It used to be that business owners started brick-and-mortar retail stores, then added ecommerce capabilities to expand their markets. In some cases, they even closed down their retail stores altogether to focus solely on their online stores. But now, a new trend is taking hold: Formerly ecommerce-only retailers are testing the waters with brick-and-mortar locations.
Why this seemingly backwards step? Although online retail is growing, reaching $58 billion in the first quarter of this year, it’s still only a tiny slice of the retail pie, accounting for just 5.5 percent of total sales in the U.S., according to the Census Bureau.
Hip eyeglasses frames site Warby Parker is one high-profile entrepreneurial business that recently expanded into flagship brick-and-mortar stores in trendy locations. If you’re considering following suit, what are some reasons to go—or not to go—brick and mortar?
- It can help you attract more local customers. Some retailers that have success reaching a wide market online want to focus on a local niche, too. Having a physical store can help you do that.
- It can help you build your brand. Consider your store an extension of your online brand and make sure your signage, color scheme, window displays and store displays are in line with the image portrayed on your website.
- It can serve as a testing ground. A physical store enables you to interact with customers in ways a website can’t. You can talk to customers, see how they interact with the merchandise and note what products attract attention and which get ignored.
The downside of a brick-and-mortar store, of course, is that it’s a big investment—and while companies like Warby Parker may be able to set up shops simply as a branding tool, for small businesses, this might be out of reach. Instead, consider:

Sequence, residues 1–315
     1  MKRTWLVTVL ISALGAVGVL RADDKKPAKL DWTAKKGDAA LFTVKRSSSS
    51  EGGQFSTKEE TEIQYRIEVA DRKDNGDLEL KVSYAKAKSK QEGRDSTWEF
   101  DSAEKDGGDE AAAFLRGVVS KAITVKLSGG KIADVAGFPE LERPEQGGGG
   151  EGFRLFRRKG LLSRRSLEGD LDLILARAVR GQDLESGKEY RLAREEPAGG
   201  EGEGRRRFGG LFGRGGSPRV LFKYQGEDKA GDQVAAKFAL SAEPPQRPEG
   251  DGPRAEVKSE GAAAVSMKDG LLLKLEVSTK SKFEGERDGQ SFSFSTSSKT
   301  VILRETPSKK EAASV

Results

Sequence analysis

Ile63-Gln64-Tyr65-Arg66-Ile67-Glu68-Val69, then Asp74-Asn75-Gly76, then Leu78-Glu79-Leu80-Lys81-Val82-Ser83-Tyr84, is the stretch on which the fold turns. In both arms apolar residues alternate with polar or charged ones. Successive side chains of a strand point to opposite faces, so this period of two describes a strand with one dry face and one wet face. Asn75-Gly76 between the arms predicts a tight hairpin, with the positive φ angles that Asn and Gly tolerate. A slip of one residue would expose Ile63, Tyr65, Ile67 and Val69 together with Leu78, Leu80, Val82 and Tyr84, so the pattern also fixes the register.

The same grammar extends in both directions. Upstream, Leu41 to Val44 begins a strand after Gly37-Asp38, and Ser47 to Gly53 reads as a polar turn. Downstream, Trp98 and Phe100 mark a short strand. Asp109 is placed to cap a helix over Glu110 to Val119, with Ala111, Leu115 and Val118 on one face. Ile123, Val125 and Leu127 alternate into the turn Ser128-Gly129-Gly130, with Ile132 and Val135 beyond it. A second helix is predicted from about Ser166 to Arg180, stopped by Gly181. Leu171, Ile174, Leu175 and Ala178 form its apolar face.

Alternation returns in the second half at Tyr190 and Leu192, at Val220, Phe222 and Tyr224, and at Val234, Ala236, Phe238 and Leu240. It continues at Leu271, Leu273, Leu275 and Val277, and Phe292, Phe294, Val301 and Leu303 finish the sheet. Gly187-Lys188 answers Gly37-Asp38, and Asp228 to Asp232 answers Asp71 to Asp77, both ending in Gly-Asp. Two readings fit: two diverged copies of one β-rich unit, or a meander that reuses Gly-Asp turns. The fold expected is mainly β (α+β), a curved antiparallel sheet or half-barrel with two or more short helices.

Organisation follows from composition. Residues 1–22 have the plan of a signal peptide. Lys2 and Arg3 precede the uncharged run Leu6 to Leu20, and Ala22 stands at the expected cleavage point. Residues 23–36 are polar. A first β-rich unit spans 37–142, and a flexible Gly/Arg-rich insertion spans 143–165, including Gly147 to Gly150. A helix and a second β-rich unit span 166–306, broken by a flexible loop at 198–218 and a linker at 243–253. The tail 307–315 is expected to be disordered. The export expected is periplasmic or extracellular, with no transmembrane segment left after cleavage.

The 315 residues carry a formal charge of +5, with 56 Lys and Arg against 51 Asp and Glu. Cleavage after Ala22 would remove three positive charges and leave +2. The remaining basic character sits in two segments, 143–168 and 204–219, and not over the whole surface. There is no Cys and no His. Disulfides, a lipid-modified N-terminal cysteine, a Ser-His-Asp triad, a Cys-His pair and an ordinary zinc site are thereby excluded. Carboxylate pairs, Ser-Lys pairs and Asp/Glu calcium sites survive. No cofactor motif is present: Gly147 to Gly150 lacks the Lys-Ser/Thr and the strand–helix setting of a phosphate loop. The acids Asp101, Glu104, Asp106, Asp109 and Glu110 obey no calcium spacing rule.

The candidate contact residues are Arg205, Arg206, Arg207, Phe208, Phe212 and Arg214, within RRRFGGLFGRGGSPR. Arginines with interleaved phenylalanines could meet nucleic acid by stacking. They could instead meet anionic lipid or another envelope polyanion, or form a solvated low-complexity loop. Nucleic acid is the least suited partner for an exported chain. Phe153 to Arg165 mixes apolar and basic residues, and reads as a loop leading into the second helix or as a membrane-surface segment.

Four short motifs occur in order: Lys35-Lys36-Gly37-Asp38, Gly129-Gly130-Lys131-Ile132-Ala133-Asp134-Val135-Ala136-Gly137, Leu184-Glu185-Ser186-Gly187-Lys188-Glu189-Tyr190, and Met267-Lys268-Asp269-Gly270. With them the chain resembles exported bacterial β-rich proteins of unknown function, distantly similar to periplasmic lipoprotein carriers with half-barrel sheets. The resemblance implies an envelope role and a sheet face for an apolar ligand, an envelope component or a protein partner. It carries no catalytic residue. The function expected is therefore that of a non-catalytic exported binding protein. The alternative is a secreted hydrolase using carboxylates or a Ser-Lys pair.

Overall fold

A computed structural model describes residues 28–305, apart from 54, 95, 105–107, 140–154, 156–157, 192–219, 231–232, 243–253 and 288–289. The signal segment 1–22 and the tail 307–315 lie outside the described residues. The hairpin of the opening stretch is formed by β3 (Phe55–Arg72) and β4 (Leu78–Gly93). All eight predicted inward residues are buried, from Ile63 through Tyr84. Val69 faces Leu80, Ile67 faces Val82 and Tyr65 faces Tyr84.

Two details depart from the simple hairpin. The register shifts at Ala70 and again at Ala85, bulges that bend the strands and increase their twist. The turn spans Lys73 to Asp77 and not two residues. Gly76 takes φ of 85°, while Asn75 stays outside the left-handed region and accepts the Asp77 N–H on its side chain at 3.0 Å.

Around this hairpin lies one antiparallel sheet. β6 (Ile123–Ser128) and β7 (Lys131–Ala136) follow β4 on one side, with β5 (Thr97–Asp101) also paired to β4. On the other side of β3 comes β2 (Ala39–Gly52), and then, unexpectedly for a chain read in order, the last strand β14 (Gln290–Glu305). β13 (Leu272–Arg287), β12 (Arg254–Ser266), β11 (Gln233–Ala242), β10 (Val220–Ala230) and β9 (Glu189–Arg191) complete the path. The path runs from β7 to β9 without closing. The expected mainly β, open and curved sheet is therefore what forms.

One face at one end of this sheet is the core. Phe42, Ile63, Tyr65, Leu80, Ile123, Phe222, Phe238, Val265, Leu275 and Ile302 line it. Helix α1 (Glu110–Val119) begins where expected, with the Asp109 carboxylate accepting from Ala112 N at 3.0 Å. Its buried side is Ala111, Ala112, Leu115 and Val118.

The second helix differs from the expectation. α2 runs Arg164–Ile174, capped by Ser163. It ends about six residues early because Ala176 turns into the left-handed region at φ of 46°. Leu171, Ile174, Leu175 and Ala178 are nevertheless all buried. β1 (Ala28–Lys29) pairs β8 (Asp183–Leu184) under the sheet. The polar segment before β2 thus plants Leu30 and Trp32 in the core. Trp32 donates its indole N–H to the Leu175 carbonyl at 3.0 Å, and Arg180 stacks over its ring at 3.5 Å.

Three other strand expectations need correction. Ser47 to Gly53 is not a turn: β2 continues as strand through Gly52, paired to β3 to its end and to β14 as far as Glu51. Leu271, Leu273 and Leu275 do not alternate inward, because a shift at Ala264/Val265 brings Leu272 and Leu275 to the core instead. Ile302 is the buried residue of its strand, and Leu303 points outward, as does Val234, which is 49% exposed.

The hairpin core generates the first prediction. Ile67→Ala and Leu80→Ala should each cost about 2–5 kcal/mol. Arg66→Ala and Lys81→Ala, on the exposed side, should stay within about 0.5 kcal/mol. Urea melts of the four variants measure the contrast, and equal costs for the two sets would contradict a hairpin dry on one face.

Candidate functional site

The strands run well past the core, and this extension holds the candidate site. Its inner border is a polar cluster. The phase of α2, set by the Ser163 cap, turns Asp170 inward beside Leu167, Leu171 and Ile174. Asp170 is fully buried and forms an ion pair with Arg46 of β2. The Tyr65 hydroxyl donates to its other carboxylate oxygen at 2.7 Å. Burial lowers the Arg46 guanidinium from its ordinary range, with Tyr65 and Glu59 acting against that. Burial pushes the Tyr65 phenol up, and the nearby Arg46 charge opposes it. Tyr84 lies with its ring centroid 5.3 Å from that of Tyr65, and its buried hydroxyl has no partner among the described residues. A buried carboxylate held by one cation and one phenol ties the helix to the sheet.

- Renting space at a local farmers’ market, event or crafts fair that’s relevant to your product. You can get the same exposure to local customers, without the commitment and expense. Be sure to have plenty of signage, business cards or fliers on hand to give out that drive traffic to your ecommerce site; gather email addresses for your email newsletter.
- Doing a pop-up shop. These limited-time stores (typically in a location for six weeks or so) are a great way to attract attention during the holidays, summer or other popular shopping seasons when customers are out in droves. Look for empty space and negotiate a short-term rental.
- Opening a kiosk. Kiosks at local malls and shopping centers offer a way to get real-world retail exposure at a lower cost than a full-on retail store.
- Piggybacking on an existing retail location. Depending on your product, an antique mall, crafts mall or other location that incorporates different vendors could be the perfect way to dip your toe into the brick-and-mortar world.
Whether you’re retailing online or off, Web.com can help expand your online presence and attract more shoppers. Learn more about Web.com online marketing solutions.